Record number of homes bag Building for Life standard
A record 55 new housing projects have qualified for a Building for Life standard in 2010 - a 50 per cent increase from last year and the highest number in the eight-year history of the award
The schemes were given a score of more than 14 out or 20 against the Building for Life criteria - the CABE-backed national standard for well-designed homes and neighbourhoods.
It is also the first time more than half of all entries (96) achieved a standard, signalling an overall improvement in the quality of housing.
A total of 20 schemes achieved the gold standard this year, while 35 qualified for a silver standard - compared to 12 gold standards and 24 silver standards the previous year.
According to CABE the projects show that housebuilders are increasingly willing to play a leading role in creating successful places, in addition to the construction of individual homes. The ‘concept of placemaking’ can be seen across all 54 schemes, regardless of their size or location.
They range from a distinctive scheme in South London with private and public space to family housing at Hulton Square in Salford, which provides good access to public transport and makes best use of its location near a park, primary schools and a healthcare centre.
More than half of all the schemes that achieved a Building for Life are in the South West (16) or in London (17). A self build development in Bristol, Ashley Vale, is the first scheme of its kind to achieve a Building for Life standard.
Wayne Hemingway, chairman of Building for Life, said: ‘Building for Life has helped developers and planners talk the same language and by working together they’re creating far better places to live.’
Richard Simmons, chief executive of CABE, said: ‘This suggests to me we might finally be starting to deliver good quality housing on a regular basis.’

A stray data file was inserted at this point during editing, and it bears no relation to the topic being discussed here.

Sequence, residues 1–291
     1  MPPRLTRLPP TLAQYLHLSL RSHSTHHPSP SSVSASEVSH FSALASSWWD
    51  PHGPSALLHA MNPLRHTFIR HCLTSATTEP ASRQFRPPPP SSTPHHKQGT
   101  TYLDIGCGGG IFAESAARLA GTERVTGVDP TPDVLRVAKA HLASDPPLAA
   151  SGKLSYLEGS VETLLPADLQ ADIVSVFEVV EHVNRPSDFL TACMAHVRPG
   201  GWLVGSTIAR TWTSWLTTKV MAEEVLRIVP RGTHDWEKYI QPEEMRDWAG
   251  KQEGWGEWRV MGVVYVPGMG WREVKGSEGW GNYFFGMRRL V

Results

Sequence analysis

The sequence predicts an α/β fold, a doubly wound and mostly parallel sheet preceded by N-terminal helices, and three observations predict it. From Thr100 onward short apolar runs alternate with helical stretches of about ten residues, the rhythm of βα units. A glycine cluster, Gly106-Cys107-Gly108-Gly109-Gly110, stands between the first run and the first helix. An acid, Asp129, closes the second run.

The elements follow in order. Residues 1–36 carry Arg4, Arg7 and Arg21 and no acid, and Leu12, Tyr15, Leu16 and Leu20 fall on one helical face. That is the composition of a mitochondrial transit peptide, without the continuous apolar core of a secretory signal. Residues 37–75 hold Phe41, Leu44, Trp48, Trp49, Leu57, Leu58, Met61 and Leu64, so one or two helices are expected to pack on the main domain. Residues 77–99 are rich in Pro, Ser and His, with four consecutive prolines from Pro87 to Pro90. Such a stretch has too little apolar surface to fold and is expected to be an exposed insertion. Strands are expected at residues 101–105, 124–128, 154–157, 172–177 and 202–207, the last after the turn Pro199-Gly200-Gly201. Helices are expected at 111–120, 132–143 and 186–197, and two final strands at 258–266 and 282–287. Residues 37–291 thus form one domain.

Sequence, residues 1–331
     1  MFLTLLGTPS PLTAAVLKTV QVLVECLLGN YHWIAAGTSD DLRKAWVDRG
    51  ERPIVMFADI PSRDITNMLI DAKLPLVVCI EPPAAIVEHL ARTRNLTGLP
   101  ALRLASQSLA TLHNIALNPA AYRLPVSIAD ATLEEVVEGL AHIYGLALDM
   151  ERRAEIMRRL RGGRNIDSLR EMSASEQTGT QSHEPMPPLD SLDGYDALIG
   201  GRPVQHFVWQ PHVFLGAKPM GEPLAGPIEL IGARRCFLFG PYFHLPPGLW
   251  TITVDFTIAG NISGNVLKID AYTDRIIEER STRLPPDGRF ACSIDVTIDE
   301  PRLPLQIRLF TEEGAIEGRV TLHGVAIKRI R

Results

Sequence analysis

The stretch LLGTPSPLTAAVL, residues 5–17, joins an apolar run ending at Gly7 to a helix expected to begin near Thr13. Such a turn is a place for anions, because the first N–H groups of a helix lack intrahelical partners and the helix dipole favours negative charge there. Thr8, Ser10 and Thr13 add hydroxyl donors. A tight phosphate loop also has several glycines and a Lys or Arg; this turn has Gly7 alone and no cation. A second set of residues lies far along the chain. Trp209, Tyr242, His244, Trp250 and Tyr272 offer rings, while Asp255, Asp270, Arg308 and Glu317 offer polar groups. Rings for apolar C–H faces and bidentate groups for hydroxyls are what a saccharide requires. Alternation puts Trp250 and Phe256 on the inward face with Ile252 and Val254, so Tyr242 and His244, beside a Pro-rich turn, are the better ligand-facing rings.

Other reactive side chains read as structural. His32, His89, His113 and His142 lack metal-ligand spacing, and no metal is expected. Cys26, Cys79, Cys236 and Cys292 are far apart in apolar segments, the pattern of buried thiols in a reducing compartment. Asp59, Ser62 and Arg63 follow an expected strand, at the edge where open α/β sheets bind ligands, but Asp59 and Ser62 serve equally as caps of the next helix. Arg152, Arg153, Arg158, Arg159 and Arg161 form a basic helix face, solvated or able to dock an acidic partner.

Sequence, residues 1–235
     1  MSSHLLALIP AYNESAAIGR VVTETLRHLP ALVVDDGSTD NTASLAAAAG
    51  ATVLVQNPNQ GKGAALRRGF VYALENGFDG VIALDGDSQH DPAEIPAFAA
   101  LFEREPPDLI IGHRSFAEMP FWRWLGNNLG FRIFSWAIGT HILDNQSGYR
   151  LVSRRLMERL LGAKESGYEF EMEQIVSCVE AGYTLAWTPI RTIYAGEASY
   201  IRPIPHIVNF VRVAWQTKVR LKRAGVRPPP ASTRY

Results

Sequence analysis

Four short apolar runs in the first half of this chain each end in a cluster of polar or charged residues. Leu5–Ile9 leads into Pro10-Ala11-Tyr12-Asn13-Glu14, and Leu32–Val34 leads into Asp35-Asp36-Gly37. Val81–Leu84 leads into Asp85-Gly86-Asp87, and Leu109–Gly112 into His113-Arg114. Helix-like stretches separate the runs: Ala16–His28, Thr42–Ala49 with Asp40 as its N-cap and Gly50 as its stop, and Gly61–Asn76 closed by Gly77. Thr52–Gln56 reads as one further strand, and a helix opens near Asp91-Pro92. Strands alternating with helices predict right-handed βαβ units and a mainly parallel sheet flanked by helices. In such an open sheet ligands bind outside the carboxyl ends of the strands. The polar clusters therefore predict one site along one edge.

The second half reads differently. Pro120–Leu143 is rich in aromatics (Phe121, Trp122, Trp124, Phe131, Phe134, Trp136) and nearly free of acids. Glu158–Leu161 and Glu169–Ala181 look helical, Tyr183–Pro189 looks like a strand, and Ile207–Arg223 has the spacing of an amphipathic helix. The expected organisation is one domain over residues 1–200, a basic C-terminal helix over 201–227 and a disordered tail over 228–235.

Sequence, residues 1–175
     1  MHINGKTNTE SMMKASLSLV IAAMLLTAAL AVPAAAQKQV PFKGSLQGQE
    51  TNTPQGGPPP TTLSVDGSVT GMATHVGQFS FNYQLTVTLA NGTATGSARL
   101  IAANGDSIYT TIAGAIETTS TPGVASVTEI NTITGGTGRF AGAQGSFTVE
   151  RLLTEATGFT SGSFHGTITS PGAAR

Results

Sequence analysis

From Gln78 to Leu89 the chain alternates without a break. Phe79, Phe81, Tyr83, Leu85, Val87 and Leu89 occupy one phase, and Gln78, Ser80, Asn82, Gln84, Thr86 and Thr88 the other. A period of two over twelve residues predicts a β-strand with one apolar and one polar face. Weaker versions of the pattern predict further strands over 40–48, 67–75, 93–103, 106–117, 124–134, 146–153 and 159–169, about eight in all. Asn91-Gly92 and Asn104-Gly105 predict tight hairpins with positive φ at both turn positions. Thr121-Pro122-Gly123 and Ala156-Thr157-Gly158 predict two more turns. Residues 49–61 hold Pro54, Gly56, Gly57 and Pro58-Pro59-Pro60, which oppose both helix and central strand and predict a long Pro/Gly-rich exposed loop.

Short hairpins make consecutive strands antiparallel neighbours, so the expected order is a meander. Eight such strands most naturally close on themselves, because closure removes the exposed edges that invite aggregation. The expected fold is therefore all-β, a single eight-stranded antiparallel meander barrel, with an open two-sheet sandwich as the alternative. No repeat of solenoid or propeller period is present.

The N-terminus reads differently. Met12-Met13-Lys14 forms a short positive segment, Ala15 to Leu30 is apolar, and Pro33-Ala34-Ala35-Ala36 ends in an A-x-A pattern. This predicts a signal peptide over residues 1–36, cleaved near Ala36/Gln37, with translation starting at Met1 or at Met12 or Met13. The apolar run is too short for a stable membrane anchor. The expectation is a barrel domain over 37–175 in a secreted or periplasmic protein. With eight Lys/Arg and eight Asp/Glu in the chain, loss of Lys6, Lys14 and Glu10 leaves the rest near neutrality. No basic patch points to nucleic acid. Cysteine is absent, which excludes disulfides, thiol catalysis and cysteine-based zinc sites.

Stewart Baseley, executive chairman of Home Builders Federation (HBF), said: ‘A record number of standards reflects the industry’s commitment and shows recognition that quality is a driver of business.’
Building for Life standards 2010
|Astor Court||Plymouth||24 homes||Cedar Homes Limited; Architects Design Group|
|Avante||Maidstone||150||Crest Nicholson; Sheppard Robson|
|be: Newhall||Essex||34||Linden Homes Eastern Ltd; Alison Brooks Architects; Galliford Try Partnership|
|Bolonachi Building||London||138||The Hyde Group; Levitt Bernstein; Rooff Ltd|
|Burnhill Green||Staffordshire||10||The Crown Estate; Watson, Bertran & Fell; J S Seddon|
|Cargo Millbay||Plymouth||134||English Cities Fund; Acanthus Ferguson Mann|
|Claredale Street||London||77||Tower Hamlets Community Housing; Karakusevic Carson Architects; Hill Partnership|
|Crown Mews||St Ives||13||Campbell Buchanan|
|Fairfield Park||Bedfordshire||1200||Mid Beds District Council; Tetlow King Ltd; PJ Livesey; Fairfields Redevelopments; Stamford Homes; Persimmon Homes; Bovis; Twigden Homes; Taylor Wimpey; David Wilson Homes; Miller Homes|
|Falcon Works||London||93||Hexagon Housing Association; Alan Camp Architects LLP; Osborne|
|Friars Lane||Plymouth||15||Pemberley Developments; Rogers & Haynes Architects|
|Grainey’s Joinery||Plymouth||64||McAleer & Rushe Ltd; Lacey Hickie Caley Ltd|
|Mills Bakery||Plymouth||78||Urban Splash Build; Gillespie Yunnie|
|OneBrighton||Brighton||172||Crest Nicholson, BioRegional Quintain; Feilden Clegg Bradley Studios; Denne Construction|
|Printworks||London||164||First Base; Glenn Howells Architects; Laing O’Rourke|
|Rochester Row||London||51||Barratt West London; Assael Architecture Ltd|
|Stanmore Place||London||194||St Edward Homes Grid Architects ; Berkeley Homes (Urban Renaissance)|
|Stonebridge Hillside Hub||London||59||The Hyde Group with Rydon Construction; Edward Cullinan Architects; REAL; Inplace|
|Thornberry House||London||24||Catalyst Housing Group; PCKO Architects; Willmott Dixon|
|Waverley Gardens||Bristol||66||Brunelcare; NOMA Architects; Leadbitter|